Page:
“[Cusick] had a list of shipyard jobs left undone because of budgetary cuts; the hatches on that ship were old, warped and cracked,” Kelly told interviewers. “Bob had drawings of hatches that needed to be repaired in his files at home.”
The Marine Electric tragedy changed the maritime industry forever. Although it was an awful end for 31 of its crew, its sinking prompted a series of sweeping regulatory changes that would help ensure that such a tragedy never occurred again.
Many regulatory rules are “written in blood,” as neglect, mistakes, and poor regulations are often discovered only because of a disaster resulting in a massive loss of life. The Marine Board of Investigation’s findings helped create stricter safety regulations and inspection standards for cargo ships.
As a secondary result, the Coast Guard stood up its rescue swimmer program, an effort spearheaded by Coast Guard Capt. Domenic Calicchio, one of the officers who investigated the Marine Electric disaster. The Coast Guard Aviation Survival Technician School — a grueling 24-week course — was established in 1985 and is now being taught in Petaluma, California, while the Coast Guard repairs its historic training facility in North Carolina.
Rescue swimmers save hundreds of lives every year. Stationed at Coast Guard air bases, the swimmers deploy on various missions under unpredictable circumstances. Swimmers are trained to swim in rough seas, rappel from unstable helicopters in high winds, respond to mass casualty disasters at sea, and perform lifesaving medical care under high-stress conditions.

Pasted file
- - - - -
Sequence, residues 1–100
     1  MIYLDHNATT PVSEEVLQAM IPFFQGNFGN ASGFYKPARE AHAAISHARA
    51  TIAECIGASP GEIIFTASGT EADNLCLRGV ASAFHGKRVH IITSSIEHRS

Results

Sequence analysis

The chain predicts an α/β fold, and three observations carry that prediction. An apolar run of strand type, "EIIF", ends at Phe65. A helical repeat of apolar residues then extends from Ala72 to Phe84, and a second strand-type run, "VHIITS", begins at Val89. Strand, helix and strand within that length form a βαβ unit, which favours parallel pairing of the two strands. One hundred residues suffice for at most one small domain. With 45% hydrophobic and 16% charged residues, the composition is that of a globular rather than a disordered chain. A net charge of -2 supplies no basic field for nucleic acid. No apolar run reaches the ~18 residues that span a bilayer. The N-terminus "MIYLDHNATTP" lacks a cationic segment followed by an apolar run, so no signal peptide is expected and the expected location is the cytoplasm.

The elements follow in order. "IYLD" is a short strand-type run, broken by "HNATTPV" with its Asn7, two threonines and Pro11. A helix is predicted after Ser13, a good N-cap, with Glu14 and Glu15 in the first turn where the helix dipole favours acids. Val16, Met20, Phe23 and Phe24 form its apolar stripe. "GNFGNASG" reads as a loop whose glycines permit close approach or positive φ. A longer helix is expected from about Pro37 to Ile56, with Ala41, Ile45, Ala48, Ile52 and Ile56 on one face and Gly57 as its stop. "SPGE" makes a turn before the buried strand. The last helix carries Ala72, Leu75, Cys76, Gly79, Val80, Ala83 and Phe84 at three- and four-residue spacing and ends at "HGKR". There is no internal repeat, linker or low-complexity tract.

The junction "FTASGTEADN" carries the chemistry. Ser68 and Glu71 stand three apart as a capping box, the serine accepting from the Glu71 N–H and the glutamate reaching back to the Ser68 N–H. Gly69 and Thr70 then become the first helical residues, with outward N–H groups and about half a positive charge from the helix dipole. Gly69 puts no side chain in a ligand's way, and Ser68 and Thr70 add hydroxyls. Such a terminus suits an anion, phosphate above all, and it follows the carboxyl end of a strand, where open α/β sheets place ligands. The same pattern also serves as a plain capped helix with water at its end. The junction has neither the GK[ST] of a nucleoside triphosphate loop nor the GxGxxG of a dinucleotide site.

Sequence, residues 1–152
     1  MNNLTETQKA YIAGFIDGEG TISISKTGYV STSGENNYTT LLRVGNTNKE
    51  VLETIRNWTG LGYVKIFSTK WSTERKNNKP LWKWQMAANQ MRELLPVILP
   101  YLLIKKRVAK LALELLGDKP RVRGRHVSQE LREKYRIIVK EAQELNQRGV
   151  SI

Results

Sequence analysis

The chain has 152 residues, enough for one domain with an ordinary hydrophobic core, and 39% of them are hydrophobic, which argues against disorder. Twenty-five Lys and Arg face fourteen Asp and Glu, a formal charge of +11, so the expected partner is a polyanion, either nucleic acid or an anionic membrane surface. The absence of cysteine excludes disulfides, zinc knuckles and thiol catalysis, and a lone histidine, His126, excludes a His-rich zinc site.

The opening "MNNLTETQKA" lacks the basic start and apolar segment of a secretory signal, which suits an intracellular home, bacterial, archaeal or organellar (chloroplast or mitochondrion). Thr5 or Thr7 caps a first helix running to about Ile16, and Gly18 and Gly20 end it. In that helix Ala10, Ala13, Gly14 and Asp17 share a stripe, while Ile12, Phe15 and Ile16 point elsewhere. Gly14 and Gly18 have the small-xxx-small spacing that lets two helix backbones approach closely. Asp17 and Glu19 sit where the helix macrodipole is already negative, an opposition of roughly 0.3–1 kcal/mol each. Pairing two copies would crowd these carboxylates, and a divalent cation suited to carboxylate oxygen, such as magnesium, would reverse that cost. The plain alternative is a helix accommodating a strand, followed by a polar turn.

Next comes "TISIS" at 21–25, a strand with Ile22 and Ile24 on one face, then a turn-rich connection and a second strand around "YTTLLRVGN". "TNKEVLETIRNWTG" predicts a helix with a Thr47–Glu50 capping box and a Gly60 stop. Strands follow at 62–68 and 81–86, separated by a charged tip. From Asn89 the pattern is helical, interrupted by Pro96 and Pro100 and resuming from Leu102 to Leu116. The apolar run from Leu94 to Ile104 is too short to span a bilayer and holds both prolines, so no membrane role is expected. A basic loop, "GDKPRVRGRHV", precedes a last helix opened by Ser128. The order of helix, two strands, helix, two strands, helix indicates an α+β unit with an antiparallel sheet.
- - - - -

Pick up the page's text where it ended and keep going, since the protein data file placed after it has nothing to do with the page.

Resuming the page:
Senior Chief Petty Officer Lewis Hart, a former commander of the Elizabeth City, North Carolina, training facility said in a 2008 Coast Guard article: “The addition of a rescue swimmer asset to helicopter search and rescue teams has had significant impact on the mission.” Hart cited the role of Coast Guard rescue swimmers in the response to Hurricane Katrina as a clear example of the value they provide. Rescue swimmers helped save over 3,000 people — overall, the Coast Guard rescued more than 33,000 — in the aftermath of the Category 5 hurricane that devastated New Orleans in 2005.
Lauren Coontz is a staff writer for Coffee or Die Magazine. Beaches are preferred, but Lauren calls the Rocky Mountains of Utah home. You can usually find her in an art museum, at an archaeology site, or checking out local nightlife like drag shows and cocktail bars (gin is key). A student of history, Lauren is an Army veteran who worked all over the world and loves to travel to see the old stuff the history books only give a sentence to. She likes medium roast coffee and sometimes, like a sinner, adds sweet cream to it.